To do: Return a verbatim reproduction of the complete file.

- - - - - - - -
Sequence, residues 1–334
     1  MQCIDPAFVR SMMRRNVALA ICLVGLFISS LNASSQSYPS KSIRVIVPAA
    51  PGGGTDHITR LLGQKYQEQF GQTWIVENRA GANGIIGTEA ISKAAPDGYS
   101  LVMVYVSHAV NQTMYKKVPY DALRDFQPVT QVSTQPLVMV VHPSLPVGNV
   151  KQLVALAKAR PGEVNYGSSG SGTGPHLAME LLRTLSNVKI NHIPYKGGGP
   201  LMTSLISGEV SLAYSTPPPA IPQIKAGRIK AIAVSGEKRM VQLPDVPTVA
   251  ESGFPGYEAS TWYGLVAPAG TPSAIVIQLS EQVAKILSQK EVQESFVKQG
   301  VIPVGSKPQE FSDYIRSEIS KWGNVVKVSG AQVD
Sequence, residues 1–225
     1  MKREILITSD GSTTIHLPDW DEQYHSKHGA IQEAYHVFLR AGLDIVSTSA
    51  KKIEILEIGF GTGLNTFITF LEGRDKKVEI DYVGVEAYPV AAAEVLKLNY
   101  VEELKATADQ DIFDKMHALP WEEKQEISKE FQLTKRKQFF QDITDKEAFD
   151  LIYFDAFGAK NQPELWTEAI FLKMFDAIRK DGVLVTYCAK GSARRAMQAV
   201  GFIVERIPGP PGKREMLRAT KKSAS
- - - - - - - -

Sequence, residues 1–334
     1  MQCIDPAFVR SMMRRNVALA ICLVGLFISS LNASSQSYPS KSIRVIVPAA
    51  PGGGTDHITR LLGQKYQEQF GQTWIVENRA GANGIIGTEA ISKAAPDGYS
   101  LVMVYVSHAV NQTMYKKVPY DALRDFQPVT QVSTQPLVMV VHPSLPVGNV
   151  KQLVALAKAR PGEVNYGSSG SGTGPHLAME LLRTLSNVKI NHIPYKGGGP
   201  LMTSLISGEV SLAYSTPPPA IPQIKAGRIK AIAVSGEKRM VQLPDVPTVA
   251  ESGFPGYEAS TWYGLVAPAG TPSAIVIQLS EQVAKILSQK EVQESFVKQG
   301  VIPVGSKPQE FSDYIRSEIS KWGNVVKVSG AQVD
Sequence, residues 1–225
     1  MKREILITSD GSTTIHLPDW DEQYHSKHGA IQEAYHVFLR AGLDIVSTSA
    51  KKIEILEIGF GTGLNTFITF LEGRDKKVEI DYVGVEAYPV AAAEVLKLNY
   101  VEELKATADQ DIFDKMHALP WEEKQEISKE FQLTKRKQFF QDITDKEAFD
   151  LIYFDAFGAK NQPELWTEAI FLKMFDAIRK DGVLVTYCAK GSARRAMQAV
   201  GFIVERIPGP PGKREMLRAT KKSAS